Profile picture for user irina.popescu0
Irina Marica
Senior Editor

Irina holds a BA in Journalism and has been part of the Romania-Insider.com team since its early days in 2011. She likes to keep the Romania-insider.com readers informed every day. Irina reports on various topics, on a wide range of areas such as politics, social or entertainment. She also writes travel or leisure articles, as well as interviews. She splits her time between Sinaia, her hometown, and Bucharest. Being born and raised in a mountain town, Irina loves spending time in nature, but she also likes to read, write, listen to music, travel, teach her dog new tricks and listen to other people’s stories (so don’t hesitate to contact her for an interview if you have an interesting story that you want to share with the Romania-insider.com readers). She dreams to visit Iceland one day and maybe get to see the Arctic Monkeys play live.  You can send her press releases or feedback on her stories by emailing [email protected]

 

EC report says most residents of Cluj and Bucharest are satisfied with living in their city

Almost all of the residents of Cluj (95%) and 82% of Bucharesters are satisfied with living in their city, according to a recent report on the quality of life in European cities released by the European Commission (EC). The European average is 89%.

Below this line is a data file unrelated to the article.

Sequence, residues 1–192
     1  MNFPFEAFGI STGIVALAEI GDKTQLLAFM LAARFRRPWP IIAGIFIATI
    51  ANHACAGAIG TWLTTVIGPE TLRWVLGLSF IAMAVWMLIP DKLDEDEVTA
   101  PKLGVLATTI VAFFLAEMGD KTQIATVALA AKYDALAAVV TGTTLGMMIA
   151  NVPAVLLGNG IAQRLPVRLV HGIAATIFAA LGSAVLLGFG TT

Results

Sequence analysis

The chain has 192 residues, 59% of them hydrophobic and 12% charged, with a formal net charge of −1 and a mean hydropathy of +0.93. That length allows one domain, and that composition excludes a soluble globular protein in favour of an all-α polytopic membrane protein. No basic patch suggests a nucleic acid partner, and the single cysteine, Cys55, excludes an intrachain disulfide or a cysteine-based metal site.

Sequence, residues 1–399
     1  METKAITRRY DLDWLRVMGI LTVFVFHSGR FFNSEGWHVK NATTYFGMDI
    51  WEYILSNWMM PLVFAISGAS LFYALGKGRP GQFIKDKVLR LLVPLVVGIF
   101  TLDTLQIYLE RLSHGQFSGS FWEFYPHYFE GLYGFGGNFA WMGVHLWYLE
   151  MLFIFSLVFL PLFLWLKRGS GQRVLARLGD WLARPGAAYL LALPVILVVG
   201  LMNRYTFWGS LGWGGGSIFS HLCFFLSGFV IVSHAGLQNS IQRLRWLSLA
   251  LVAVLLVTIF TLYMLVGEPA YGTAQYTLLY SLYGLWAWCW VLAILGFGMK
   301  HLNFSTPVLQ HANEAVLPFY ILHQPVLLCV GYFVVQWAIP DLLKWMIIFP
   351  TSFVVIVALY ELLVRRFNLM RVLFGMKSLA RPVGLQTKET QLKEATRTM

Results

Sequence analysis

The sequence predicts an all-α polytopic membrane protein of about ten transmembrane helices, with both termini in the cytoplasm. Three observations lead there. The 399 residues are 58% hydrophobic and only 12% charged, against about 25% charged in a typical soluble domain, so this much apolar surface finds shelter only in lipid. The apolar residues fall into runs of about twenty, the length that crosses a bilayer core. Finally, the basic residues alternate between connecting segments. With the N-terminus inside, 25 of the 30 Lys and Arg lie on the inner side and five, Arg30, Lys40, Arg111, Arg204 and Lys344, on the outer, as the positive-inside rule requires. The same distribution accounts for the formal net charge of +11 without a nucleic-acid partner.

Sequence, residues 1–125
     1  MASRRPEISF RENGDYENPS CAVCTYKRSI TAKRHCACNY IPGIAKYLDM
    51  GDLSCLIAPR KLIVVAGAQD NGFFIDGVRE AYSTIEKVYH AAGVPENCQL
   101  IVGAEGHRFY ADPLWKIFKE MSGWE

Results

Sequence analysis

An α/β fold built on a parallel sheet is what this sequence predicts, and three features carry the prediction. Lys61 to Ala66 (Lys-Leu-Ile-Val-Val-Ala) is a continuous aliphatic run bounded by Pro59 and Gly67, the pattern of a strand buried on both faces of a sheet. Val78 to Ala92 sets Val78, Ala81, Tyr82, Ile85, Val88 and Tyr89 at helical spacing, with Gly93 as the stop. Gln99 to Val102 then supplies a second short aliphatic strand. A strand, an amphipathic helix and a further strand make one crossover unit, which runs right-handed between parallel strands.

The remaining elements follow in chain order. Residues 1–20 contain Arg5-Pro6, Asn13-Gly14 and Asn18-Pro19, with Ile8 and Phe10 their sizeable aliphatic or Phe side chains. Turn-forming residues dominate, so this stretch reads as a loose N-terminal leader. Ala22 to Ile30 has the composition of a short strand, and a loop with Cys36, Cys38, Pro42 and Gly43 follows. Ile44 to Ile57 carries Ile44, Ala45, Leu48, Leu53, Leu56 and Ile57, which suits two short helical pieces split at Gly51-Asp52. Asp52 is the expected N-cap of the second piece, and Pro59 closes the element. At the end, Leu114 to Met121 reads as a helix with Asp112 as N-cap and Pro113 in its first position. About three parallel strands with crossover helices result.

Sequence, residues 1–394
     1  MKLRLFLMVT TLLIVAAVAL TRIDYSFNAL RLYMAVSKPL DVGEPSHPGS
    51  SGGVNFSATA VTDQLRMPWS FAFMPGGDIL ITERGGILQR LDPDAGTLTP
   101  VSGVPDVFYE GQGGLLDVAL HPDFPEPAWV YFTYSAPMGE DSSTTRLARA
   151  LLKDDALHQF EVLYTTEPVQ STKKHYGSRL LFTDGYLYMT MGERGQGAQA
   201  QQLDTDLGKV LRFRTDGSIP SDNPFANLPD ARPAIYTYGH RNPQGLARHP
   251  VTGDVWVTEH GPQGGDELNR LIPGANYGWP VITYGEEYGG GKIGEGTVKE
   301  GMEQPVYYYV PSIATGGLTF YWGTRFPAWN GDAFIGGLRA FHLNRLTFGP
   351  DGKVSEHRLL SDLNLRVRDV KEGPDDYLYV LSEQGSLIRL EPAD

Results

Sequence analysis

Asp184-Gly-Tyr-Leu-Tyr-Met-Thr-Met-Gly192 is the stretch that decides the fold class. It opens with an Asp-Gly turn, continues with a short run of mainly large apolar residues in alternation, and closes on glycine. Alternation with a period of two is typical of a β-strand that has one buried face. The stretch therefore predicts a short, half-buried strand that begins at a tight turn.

The report gathers the experiences and opinions of city dwellers across Europe and is based on the results of 58,100 interviews conducted in 83 cities. It revealed that, in 2019, 9 out of 10 people were satisfied with living in their city.

According to the report, people living in northern EU cities are the most satisfied with their city, but satisfaction in eastern EU cities is increasing rapidly. In Romania, for example, 95% of the residents of Cluj and 82% of Bucharesters are satisfied with their city. The largest percentage was recorded in Copenhagen - 98%, while the lowest in Belgrade - 63%.

Commissioner for Cohesion and Reforms, Elisa Ferreira, said: “Cities are home to around 40% of the EU population. They are in the front row of some of Europe’s most acute challenges. Coronavirus infections, for instance, arrived first in the largest and more connected cities in Europe, such as Milan and Madrid, before spreading out to smaller centers and more rural regions. It is, therefore, extremely important that we are aware of the needs of people living in cities and let it guide our policy-making.”

“In most of the eastern European cities, the majority thinks that the quality of life had improved over the last five years. Moreover, residents in larger cities tended to use cars less and public transport more. In terms of social inclusion, cities are more welcoming than the country as a whole, both to immigrants and the LGBTI community,” according to the European Commission.

The full report is available here.

[email protected]

(Photo source: Mihai Neacsu/Dreamstime.com)

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Profile picture for user irina.popescu0